China as Political Object: the Chinese Question in Central Asian Political Life
Since the beginning of the 1990s, the foreign policy declarations of the five Central Asian states have emphasized the need to develop good neighborly relations with Beijing. As early as 1995, Kazakh president Nursultan Nazarbaev argued that relations with China were a crucial focus of Kazakhstans foreign policy.96 Around 2000, with the border issues resolved and the SCO established, the question of China came to focus on developing
Kubanychbek Dzhusaev, Perspektivy sotrudnichestva stran Tsentralnoi Azii s Kitaem [The Prospects in Central Asian Countries for Cooperation with China], Tsentralnaia Aziia i kultura mira, no. 1, 1998, <http://www.freenet.kg/jornal/ n4/JRNAL407.htm>.
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a privileged economic and strategic relationship with the Middle Kingdom. From 2005 onwards, the official friendship between China and Central Asia has developed to the extent that all Central Asian heads of state now make pointed statements about the major role that they reserve for China in their foreign policy and economic development. In May 2005, Uzbek President Islam Karimov underlined his positive appreciation of the Chinese authorities by visiting Beijing immediately after the suppression of the armed uprising in Andijan. In 2006, Turkmen president Saparmurat Niazov also visited Beijing amid great fanfare and signed far-reaching gas agreements. In 2007, Kazakh president Nursultan Nazarbaev stated in his annual address to the nation that he considered the partnership with China second in importance only to that with Russia.97 In the same year, Kyrgyz president Kurmanbek Bakiev stated to the media at the SCO summit in Bishkek that China was a close second to Russia in terms of foreign policy priority, a point that in principle had already been laid out in the Kyrgyzstan Foreign Policy Blueprint adopted in January 2007.98 The Tajik president Emomali Rakhmon, for his part, regularly boasts of the friendship between the Chinese and Tajik peoples. Notwithstanding these official discourses, since independence the two most liberal countries in the region, namely Kazakhstan and Kyrgyzstan, have been subject to spirited debates regarding Chinas influence on Central Asian societies while government opponents regularly try to instrumentalize the question of China to discredit the ruling governments. While in Turkmenistan and Uzbekistan there can be no question of having a genuinely plural debate on China or any other foreign or domestic policy issues, political life in the other three states does allow for a greater expression of differences of opinion which thus gives media room to discuss most topics, apart from those directly involving the presidential family. Of these three Tajikistan stands out on account of its relative absence of almost any public discussion about China, but in both Kazakhstan and Kyrgyzstan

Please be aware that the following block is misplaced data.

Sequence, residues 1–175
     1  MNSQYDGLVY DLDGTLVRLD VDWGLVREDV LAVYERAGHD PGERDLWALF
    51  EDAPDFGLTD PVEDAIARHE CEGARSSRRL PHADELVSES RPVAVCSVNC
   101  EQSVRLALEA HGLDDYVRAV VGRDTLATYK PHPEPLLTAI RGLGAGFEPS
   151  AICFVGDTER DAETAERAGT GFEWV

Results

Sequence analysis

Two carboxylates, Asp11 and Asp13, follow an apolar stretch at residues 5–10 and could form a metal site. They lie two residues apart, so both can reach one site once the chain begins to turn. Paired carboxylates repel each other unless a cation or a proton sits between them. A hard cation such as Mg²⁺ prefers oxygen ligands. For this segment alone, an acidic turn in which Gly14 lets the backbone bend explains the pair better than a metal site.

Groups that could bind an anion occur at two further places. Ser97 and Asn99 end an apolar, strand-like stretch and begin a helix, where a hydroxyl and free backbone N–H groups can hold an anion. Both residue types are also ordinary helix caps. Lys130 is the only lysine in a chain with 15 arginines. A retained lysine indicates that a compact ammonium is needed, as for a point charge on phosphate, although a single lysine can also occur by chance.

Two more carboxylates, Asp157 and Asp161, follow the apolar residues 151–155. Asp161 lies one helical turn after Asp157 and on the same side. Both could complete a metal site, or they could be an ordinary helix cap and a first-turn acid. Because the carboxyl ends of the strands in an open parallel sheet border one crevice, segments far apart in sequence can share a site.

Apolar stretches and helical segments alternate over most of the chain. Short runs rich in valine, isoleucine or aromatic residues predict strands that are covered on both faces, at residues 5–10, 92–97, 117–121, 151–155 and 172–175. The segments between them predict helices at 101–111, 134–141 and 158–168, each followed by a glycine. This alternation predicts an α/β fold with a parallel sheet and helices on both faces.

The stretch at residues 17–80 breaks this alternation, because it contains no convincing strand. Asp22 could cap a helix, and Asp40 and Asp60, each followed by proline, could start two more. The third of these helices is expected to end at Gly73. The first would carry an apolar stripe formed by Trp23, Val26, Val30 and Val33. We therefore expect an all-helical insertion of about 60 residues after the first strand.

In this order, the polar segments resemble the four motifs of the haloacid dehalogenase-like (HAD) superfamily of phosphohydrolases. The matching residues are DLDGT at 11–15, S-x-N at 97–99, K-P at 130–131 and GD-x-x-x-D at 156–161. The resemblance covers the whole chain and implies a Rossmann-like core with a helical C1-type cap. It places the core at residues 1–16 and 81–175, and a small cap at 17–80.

97

Nursultan Nazarbaev, Poslanie k narodu Kazakhstana [Address to the Kazakh Nation], March 2007, <http://www.akorda.kz/www/www_akorda_kz.nsf/ sections? OpenForm&id_doc=BC3DF7C6FB65732E46257291002A9331&lang=ru&L1=L2&L2=L222>. 98 V Kyrgyzstane utverzhdena Kontseptsiia vneshnei politiki [Kyrgyzstan Passes its Foreign Policy Bill], Kazakhstan Segodnia, January 13, 2007, <http://www.gazeta.kz/ art.asp?aid=85637>.

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the debate has been virulent. The controversies about their respective relations with China have ranged from issues of national integrity to economic questions. Both Sinophile and Sinophobe groups rapidly formed, but it was the economic issues that soon became the principal driving force behind them. Whereas groups have appeared whose commercial interests coincide with Chinas growing presence in the region, other milieus are also starting to organize themselves to resist the competition posed by Beijing. This structuration is only in its initial phases but it is already possible to single out the aspects of this issue that are the most problematic and that will concern the political sphere over the coming years. The political stakes are difficult to address in their entirety due to the different domestic situations in each of the five Central Asian states.99 With the exception of Kyrgyzstan, loyalty to the president is a precondition for participation in public life, meaning that severe restrictions are placed on the public expression of divergent opinions. However, if politics in Central Asia is not so much marked by ideological struggles, there are other structuring faultlines in governing circles, for instance, struggles for control over resources and in the division of property. Conflicts are thus emerging between pressure groups seeking, for the most part, to defend their own corporatist and regional, or occasionally clan, interests. These economic groups have no small influence over domestic policy choices. They also play key roles in the development of foreign policy, since they tend to prioritize those states whose economic interests correspond to their own private interests, sometimes to the detriment of those of their own nation. After considering the notion of pro-Chinese lobbies, we will engage in a detailed examination of the debates arising from the Chinese presence in Kazakhstan and in Kyrgyzstan. Before that, however, we have to take a look at the relationship of Islamist currents in China. All the local specialists surveyed agree that the Islamist movements, be they official such as the Party of Islamic Rebirth in Tajikistan, or illegal such as the Hizb ut-Tahrir and the splinter groups that have formed from the dissolution of the Islamic Movement of Uzbekistan, have a very negative vision of China. However, China still does not provoke as much hatred as Russia or the West, who are